A few weeks ago I was fortunate enough to enjoy a whistle-stop tour of Tuscan viticulture at a five-star luxury resort near Siena. Yes, I know, it was one of my toughest assignments yet!
Siena, it barely needs saying, lies in the heart of one of Italy’s most prestigious wine producing regions. Tuscany is to Italy what Bordeaux is to France. It has 40 DOC(G) status wines (second only to Piedmont, which has 52) and is home to some of the most recognisable names in Italian wine.
The resort’s cavernous cellar, situated below a thirteenth-century villa, contains over 1200 prestigious and boutique labels. I was lucky enough to taste a few of them.
A great white
Teruzzi Vernaccia di San Gimignano (2010)
We started the tasting with a Vernaccia di San Gimignano, Tuscany’s renowned white wine made from the Vernaccia grape. It is one of the regions most historic wines. In 1966, it became Italy’s first DOC and in 1993 it was elevated to DOCG status.
San Gimignano itself is a charming medieval village about 35 kilometres from Siena. Its striking hilltop location, medieval walls, towers and churches make it an ever-popular tourist destination, while the high altitudes and calcareous, sandy soils surrounding the village are well suited to producing structured, aromatic white wine.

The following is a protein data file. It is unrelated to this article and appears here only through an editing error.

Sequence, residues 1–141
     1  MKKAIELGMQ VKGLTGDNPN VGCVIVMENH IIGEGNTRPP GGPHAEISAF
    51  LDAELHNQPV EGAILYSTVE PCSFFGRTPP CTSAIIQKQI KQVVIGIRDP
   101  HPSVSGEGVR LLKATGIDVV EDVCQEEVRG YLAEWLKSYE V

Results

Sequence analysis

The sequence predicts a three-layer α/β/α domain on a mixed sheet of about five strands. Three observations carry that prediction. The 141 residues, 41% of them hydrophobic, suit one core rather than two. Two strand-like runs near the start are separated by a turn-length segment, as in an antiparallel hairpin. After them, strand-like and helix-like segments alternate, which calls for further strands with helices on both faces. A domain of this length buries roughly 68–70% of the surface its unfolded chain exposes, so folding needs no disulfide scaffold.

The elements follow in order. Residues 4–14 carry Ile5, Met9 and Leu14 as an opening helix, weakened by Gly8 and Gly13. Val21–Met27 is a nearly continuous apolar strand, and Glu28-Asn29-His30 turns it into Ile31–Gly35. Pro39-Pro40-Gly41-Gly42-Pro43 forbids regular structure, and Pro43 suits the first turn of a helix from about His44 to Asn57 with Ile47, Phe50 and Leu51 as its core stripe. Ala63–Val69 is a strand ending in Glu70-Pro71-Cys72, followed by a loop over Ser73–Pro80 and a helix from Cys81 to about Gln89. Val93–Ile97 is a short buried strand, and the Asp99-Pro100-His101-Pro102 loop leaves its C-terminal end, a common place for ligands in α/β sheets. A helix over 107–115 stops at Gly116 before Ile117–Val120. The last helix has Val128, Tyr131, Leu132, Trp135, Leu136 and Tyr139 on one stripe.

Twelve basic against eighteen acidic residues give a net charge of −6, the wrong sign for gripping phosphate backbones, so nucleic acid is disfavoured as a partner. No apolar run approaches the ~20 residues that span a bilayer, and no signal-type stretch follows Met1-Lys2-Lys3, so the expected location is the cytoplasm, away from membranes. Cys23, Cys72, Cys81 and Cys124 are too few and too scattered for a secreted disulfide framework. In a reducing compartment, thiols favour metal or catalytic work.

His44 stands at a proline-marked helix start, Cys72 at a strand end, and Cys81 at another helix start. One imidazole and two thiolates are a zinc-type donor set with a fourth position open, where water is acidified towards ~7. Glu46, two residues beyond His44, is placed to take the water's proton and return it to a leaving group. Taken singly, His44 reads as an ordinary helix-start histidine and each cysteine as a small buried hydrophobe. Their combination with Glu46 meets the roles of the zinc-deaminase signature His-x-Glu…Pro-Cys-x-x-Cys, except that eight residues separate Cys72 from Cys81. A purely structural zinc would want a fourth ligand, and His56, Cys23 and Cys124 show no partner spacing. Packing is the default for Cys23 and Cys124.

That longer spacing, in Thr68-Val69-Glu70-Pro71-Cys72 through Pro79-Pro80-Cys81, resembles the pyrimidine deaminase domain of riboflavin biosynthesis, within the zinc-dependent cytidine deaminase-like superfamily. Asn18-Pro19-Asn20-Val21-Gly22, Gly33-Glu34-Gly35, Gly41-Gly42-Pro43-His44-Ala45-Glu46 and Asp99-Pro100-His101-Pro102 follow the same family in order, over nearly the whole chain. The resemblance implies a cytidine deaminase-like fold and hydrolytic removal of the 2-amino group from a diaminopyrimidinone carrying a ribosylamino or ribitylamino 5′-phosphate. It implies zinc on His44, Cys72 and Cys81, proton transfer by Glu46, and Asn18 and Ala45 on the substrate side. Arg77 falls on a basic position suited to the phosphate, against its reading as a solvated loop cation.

On nosing the cork, a look of mild consternation played across the face of our urbane sommelier. He quickly regained his composure, poured the wine and had a sniff. While he seemed far from convinced, we proceeded with the tasting. Unfortunately, the sommelier’s suspicions were confirmed when he took a mouthful of the wine. It wasn’t corked, he explained, it was just un po’ chiuso (a bit closed). This can be a particular problem with white wine, which doesn’t age as well as red. With some breathing time, the wine would probably have improved, but eager to proceed with our tasting, he reached for another bottle.
No problems at the second time of asking, and we were soon enjoying a crisp, floral bouquet with a slightly bitter almondy finish. A classic Vernaccia di San Gimignano!
A timeless classic
Selvapiana Chianti Rufina (2015)
As early as the 14th century a wine known as Chianti was being produced in the hills between Florence and Siena. A few centuries later, the Medici established the first known laws governing wine production, establishing, amongst other things, the various production zones of the Chianti region. Due to overproduction and substandard production techniques, Chianti’s image was tarnished somewhat during the 1970s and 1980s and even today the brand still suffers from its straw-covered fiasco table wine image. Personally, I’m a big fan of that nostalgic facade, but perhaps not quite in keeping with today’s luxurious surroundings!